Usual medicines are no longer a panacea
<img class="imgl" alt="" src="http://www.belarus-magazine.by/images/09/080905.jpg"/>BELARUS ESTABLISHES BANK OF DONOR TISSUE AND ORGANS FOR TRANSPLANT<br />
Transplant technology is advancing significantly in Belarus — as confirmed by recent groundbreaking heart transplant operations. By late 2009, a Transplantology Centre is to open in Belarus, created on the basis of two blocks of the 9th clinical hospital (now being reconstructed). A national bank of donor tissue and organs is also planned.
The most valuable bank. “Transplants offer the only chance of survival to those beyond the reach of standard medical treatment,” notes the Chief Transplantology Specialist at Belarus’ Health Ministry, Doctor of Medical Sciences Anatoly Uss. “In addition to organ and cell transplants, tissue transplants have proven successful in recent years. These include the use of heart valves, blood vessels, eye corneas and bone marrow. Such operations are already being conducted — though in limited number. This branch requires a serious approach, so a national bank of donor tissue and organs is being set up.”
Tissues for transplantation currently originate from the forensic bureau but Mr. Uss believes the structure’s subordination to the Prosecutor’s Office is inappropriate. In the near future, a small donor tissue bank is to be established at the 9th clinical hospital, occupying a specialised laboratory dealing with cell technologies. Meanwhile, a fully-fledged bank of donor tissue and organs is to open some time later, meeting Health Ministry requirements. Two additional blocks are being built at the hospital — currently under design — with the launch date dependent on design, construction processes, equipment delivery and personnel training. All transplantation technologies applied in the country are to be located at this Minsk clinic. “The donor bank will help us develop transplant technologies. In addition to our existing experience of kidney, liver, heart and pancreas transplants, we’ll be able to transplant tissue,” explains Mr. Uss.
Treatment, transplantation or cultivation… Experts from the World Health Organisation say that the age of chemical medicine is over. Medicines are no longer a panacea, since more effective and alternative methods of treatment are appearing — including transplantology. “Burns are a very serious problem in medicine,” Mr. Uss notes. “Prospects are never rosy when there are extensive burns; however, tissue transplants can replace dead skin. The difficulty is that donor skin is easily rejected; a tissue bank is vital in allowing us to find a good match. In fact, organ transplantation should eventually be replaced by the use of tissue grown from patients themselves. This would be much cheaper and would avoid rejection and other complications for the patient.”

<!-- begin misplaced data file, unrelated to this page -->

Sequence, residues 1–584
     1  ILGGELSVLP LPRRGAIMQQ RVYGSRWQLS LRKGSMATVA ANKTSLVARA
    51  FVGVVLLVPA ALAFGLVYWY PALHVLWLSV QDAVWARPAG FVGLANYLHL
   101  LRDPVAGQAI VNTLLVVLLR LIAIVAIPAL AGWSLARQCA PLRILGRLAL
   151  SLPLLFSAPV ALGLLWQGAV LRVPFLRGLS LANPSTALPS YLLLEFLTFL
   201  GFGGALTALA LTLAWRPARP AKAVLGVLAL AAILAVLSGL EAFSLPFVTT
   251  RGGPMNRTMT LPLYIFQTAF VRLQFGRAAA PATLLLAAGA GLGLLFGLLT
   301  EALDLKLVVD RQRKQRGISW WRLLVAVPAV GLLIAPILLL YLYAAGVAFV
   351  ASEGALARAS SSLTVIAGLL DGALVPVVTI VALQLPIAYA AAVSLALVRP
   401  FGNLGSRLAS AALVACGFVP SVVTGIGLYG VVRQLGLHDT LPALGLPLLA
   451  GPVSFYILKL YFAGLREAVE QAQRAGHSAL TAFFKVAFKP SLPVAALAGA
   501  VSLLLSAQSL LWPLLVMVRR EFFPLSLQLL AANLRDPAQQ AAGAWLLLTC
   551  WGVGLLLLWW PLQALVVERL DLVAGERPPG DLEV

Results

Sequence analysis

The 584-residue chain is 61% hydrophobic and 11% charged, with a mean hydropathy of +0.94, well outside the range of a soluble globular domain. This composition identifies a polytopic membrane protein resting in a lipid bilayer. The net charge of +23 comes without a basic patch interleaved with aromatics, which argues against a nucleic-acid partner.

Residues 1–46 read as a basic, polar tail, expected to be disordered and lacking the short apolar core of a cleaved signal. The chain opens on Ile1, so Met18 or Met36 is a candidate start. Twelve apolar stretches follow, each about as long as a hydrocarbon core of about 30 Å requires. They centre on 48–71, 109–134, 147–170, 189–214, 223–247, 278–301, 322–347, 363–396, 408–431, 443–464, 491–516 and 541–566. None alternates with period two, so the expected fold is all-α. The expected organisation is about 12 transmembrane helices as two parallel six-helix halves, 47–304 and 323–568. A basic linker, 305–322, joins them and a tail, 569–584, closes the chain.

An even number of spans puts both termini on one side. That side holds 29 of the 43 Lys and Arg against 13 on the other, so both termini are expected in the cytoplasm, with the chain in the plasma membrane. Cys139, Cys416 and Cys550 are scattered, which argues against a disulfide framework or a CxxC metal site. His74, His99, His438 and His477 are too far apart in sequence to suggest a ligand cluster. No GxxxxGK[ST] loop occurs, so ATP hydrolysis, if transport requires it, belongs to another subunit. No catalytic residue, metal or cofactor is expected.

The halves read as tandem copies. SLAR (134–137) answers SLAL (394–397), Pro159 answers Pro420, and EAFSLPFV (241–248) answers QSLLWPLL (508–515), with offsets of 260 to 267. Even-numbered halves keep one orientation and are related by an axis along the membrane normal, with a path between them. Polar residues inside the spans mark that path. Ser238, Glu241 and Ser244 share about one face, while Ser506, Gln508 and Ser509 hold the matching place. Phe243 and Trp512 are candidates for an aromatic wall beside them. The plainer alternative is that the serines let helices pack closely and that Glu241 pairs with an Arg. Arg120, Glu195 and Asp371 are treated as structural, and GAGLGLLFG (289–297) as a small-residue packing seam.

Experiments in the field are already being applied in clinics worldwide; Mr. Uss stresses that Belarus is keen to look to the future, learning from foreign colleagues via internships at leading medical centres abroad.
I’d become a donor… Almost anyone can donate stem cells. All that is needed is a medical examination and blood test. Data is then entered and, if a match is found, donors undergo a painless (though several hour-long) operation to remove cells. Bone marrow donorship is far more serious of course, and only involves close relatives. The Minsk city register of stem cells and bone marrow already holds information on over 1,000 donors but up to seven times more are needed to ensure the system works efficiently. Doctors are already setting a good example; all Transplantology and Cell Biotechnology Centre staff are listed as donors of stem cells.
Donorship of organs is yet more complicated. Most donations are made following death, although a kidney or part of a liver may be donated while the subject is living. Naturally, it is a very delicate medical issue — involving moral and ethical principles. Belarusian transplantology legislation presumes consent unless a written abdication is made to the Health Ministry (or to the district hospital for forwarding). Russia and many European states also apply this scheme, although relatives can step in to prohibit the taking of organs from a dead person. Most often, people treat the problem with understanding, since the life of one person can save three or more other people.
[i]By Valeria Gavrilova[/i]